"For centuries, the religious orders had been masters of discipline: they were the specialists of time, the great technicians of rhythm and regular activities. But the disciplines altered these methods of temporal regulation from which they derived. They altered them first by refining them. One began to count in quarter hours, in minutes, in seconds."
This project investigates how human labor, mathematical models, and digital media can be grounded together in rules that govern time. Time Discipline began during our travels in China where we observed and documented forms of physical labor in major urban centers including Beijing, Chongqing, and Kunming. We collected around fifty videos of human action. As we processed this material we became intrigued with the temporal forms that underlie body movement that is coupled with equipment.
The actions in the videos display an affinity between body and tool, such as the torque in swinging a pick-ax or the horizontal revolution in spreading mud with a trowel. At a more fundamental level, there are temporal relations among the different forms of labor. Each action is a duration and the duration is repeated. These shared durations provide an ordering principle that serves as the base for a program — a disciplining of time and movement.
In the first iteration of the project, we selected three second durations from several clips of labor and then cut each of them into six units: 0’’ - 1’’, 1’’ - 2’’, 2’’ - 3’’, 3’’ - 2’’, 2’’ - 1’’, 1’’ - 0’’. We then rolled dice to determine when and where these“units” would be displayed on a set of screens. Our intention was to have the underlying harmony in the actions emerge from randomized display, a sort of performance residing in disjointed regulation of body, time, and movement. The result is displayed below. However this attempt at a random method was betrayed by our desire for an aesthetic with patterns, symmetry, and other harmonies. In short, we could see our signature in the sequencing of clips. This has led us to consider how to give greater control to an automated program.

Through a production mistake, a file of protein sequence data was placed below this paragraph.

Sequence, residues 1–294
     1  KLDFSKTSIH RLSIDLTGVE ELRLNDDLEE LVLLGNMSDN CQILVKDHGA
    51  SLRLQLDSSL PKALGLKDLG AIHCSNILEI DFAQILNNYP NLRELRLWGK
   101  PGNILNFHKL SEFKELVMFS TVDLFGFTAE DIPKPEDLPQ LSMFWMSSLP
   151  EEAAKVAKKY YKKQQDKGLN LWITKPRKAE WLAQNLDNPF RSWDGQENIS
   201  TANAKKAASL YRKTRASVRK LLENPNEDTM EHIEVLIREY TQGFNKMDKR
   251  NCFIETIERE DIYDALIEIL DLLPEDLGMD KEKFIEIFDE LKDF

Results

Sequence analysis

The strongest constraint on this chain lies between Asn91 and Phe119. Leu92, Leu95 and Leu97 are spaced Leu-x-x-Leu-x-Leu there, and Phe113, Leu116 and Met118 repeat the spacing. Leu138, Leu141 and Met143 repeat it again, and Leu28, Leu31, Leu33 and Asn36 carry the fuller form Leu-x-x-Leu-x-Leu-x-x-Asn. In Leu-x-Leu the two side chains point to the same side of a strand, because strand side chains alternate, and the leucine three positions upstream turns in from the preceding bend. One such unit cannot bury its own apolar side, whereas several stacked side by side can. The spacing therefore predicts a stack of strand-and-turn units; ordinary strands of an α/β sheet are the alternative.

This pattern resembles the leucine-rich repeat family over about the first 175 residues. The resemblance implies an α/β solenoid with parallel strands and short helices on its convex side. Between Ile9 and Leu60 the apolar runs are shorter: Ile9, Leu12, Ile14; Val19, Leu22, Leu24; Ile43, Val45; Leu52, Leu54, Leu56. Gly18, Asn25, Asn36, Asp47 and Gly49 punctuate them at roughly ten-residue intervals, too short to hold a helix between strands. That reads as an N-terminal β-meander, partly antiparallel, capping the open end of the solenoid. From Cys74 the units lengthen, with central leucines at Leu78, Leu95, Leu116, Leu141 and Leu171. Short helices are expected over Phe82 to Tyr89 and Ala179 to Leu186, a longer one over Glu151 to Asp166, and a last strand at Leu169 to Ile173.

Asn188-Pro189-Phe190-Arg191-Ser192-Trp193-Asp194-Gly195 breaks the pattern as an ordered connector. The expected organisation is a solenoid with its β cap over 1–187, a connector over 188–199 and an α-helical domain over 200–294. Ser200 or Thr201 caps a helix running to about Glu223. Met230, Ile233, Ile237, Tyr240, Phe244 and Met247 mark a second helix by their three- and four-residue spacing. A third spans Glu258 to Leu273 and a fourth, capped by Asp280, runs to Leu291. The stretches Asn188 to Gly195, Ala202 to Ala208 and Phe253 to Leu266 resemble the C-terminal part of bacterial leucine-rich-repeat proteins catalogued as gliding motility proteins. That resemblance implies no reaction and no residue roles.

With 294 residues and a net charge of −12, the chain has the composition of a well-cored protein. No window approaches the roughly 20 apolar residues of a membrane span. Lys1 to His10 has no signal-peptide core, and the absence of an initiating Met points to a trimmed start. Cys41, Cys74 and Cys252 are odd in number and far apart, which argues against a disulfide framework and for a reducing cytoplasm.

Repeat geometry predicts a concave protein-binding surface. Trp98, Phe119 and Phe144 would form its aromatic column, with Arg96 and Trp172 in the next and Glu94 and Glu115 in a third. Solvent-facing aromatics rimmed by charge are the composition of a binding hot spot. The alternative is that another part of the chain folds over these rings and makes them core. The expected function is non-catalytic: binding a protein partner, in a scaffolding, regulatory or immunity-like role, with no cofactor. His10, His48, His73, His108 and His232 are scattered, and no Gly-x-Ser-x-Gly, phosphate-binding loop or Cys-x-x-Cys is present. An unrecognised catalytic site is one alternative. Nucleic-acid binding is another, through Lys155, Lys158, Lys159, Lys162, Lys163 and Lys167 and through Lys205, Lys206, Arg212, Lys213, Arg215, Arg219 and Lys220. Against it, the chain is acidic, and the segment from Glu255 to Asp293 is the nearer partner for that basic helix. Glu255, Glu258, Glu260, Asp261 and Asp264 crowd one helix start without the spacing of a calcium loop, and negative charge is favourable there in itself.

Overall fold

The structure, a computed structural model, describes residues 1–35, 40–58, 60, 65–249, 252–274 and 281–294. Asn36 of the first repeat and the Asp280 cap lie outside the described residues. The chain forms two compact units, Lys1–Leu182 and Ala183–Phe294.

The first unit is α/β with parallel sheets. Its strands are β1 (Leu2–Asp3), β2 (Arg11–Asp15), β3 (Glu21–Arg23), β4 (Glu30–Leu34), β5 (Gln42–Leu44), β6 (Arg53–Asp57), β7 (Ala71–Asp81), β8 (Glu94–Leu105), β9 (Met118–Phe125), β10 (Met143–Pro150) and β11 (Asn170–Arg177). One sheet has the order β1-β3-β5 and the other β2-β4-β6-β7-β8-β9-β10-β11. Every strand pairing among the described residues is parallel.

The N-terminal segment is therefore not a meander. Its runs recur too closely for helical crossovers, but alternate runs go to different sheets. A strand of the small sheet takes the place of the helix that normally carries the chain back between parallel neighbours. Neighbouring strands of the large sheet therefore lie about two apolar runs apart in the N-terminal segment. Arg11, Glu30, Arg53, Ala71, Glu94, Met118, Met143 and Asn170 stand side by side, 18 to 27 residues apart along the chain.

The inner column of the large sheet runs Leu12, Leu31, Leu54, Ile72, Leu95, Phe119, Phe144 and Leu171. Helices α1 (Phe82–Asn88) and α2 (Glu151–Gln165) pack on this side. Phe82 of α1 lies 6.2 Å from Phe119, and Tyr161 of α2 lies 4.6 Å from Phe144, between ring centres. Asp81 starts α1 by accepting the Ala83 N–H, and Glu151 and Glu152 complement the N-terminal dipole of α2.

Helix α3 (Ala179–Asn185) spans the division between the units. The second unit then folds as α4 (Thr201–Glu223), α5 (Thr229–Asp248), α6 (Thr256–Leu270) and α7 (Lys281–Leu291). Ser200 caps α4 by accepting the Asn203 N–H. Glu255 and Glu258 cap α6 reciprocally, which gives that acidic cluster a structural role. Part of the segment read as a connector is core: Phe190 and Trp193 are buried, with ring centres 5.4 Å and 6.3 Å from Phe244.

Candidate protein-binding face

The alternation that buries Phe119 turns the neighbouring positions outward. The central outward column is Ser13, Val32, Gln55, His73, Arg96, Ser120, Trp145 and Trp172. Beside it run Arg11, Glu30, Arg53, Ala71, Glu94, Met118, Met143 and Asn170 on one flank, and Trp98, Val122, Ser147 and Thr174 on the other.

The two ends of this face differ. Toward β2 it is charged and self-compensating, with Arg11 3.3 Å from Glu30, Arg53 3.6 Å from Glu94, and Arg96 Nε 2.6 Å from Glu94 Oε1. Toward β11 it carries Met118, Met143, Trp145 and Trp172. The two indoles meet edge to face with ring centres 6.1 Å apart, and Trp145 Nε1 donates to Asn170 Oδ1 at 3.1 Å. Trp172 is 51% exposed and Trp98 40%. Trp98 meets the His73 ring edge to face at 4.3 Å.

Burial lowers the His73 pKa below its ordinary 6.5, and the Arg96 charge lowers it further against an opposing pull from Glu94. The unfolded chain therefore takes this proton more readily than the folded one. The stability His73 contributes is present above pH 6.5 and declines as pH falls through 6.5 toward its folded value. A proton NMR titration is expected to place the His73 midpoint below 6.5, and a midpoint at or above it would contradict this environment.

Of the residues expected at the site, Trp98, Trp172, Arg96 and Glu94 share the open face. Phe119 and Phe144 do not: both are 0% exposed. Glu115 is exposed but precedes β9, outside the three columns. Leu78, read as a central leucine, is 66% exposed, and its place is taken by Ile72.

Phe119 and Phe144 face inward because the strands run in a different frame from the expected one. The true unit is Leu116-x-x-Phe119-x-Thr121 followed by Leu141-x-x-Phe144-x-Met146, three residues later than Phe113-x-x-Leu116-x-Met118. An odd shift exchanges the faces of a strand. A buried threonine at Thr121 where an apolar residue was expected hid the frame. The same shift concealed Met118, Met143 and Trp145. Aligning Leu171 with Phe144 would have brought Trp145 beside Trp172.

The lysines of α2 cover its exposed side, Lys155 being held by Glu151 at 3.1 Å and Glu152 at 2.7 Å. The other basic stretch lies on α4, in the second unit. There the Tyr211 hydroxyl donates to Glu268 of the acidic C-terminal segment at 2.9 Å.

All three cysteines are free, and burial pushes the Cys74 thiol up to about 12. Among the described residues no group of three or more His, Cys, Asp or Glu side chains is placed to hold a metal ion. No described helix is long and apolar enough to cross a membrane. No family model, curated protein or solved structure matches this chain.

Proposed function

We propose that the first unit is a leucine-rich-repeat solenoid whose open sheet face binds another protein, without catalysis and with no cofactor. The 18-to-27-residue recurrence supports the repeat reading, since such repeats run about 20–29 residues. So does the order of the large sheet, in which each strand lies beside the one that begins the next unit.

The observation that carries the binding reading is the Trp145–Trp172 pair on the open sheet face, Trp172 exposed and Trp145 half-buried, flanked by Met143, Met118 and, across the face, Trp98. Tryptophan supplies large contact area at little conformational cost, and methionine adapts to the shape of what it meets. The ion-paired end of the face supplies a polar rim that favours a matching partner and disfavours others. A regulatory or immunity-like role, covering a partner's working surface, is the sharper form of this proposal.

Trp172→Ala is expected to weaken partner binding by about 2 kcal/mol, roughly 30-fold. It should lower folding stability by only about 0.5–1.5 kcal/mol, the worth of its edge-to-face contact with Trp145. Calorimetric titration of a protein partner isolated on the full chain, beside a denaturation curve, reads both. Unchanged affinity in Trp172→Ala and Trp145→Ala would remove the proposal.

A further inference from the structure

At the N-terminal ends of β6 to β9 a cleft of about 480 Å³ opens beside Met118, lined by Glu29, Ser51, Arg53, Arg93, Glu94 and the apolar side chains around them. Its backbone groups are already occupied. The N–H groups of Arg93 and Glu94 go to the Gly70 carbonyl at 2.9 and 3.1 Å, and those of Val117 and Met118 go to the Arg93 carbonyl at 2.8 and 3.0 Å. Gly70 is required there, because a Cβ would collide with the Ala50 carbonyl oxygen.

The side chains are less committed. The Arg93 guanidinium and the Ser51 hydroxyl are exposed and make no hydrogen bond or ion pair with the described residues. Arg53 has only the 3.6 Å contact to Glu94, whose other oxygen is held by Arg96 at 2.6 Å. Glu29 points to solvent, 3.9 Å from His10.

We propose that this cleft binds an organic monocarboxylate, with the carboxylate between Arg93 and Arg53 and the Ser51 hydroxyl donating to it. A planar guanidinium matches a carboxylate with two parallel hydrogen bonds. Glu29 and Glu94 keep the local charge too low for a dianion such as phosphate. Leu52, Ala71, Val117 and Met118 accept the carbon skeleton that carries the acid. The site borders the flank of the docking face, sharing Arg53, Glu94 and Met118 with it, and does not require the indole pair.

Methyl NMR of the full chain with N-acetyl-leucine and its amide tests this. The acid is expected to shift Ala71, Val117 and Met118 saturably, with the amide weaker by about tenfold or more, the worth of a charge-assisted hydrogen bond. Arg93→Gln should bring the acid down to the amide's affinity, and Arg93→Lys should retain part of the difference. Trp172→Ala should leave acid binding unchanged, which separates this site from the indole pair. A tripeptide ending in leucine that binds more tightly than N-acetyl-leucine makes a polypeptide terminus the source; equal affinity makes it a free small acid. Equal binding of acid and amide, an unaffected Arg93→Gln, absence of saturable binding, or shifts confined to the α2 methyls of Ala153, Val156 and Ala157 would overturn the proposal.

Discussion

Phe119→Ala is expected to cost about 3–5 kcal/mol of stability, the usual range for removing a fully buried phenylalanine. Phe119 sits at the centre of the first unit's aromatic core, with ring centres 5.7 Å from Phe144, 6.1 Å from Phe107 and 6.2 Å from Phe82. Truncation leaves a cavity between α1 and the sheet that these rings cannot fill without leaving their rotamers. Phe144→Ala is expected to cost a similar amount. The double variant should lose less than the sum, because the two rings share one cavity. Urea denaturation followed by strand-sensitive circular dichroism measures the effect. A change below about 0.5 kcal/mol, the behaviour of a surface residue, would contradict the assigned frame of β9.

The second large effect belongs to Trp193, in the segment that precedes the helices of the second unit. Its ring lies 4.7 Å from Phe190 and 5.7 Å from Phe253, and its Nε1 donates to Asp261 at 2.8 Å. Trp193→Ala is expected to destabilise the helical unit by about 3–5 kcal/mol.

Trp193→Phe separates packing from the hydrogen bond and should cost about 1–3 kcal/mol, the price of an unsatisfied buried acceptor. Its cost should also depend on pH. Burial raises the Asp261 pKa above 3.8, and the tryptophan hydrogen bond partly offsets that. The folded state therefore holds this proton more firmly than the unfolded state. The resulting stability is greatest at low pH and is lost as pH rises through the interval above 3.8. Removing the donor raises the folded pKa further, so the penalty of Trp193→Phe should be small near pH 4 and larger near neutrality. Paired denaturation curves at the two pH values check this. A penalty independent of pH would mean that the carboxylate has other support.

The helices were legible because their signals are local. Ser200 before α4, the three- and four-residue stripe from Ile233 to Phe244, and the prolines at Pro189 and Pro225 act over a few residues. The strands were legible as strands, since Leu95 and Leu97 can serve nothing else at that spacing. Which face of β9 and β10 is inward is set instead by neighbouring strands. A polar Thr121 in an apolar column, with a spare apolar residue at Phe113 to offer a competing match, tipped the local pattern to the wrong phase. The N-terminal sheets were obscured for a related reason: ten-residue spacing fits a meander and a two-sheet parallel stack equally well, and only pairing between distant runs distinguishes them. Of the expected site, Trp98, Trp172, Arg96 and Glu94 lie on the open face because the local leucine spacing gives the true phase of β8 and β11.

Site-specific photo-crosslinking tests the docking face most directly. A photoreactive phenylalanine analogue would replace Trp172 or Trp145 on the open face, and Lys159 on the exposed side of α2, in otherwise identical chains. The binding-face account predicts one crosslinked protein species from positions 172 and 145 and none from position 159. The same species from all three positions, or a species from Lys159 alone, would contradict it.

In this proposal, we develop a digital model based on graph theory. The program works with the same temporal units described above but it is additionally equipped with metrics that determine its order and display of clips. The metrics include “distance,” “connectivity,” and “isomorphism.” These metrics are the driving force that choreograph the videos, directing them out of discord into disciplined movement.
We grapple with questions that arise from resigning control of sequence to a machine. The video content is suggestive of a historical moment in China when manual labor is still prevalent, yet is being displaced by Western techno-capitalist models of labor. The temporal structures that emerge from the videos have been informed by these modern economies of time, such as clock-time with its regular cuts and divisions in time flow. Still, in Time Discipline we seek forms that predate clock-time. The relationship between body and technology, whether manual or digital, is structured by durations more primal than conventional notions of time. Units based on repeated actions — swinging a hammer, pushing a broom — are the subject of the program. They provide the formal structures that the metrics of Time Discipline sift through and coordinate, while the socio-historical context of the videos stand in as a natural placeholder, analogous to the point, line, and plane that lend visual models to a geometry.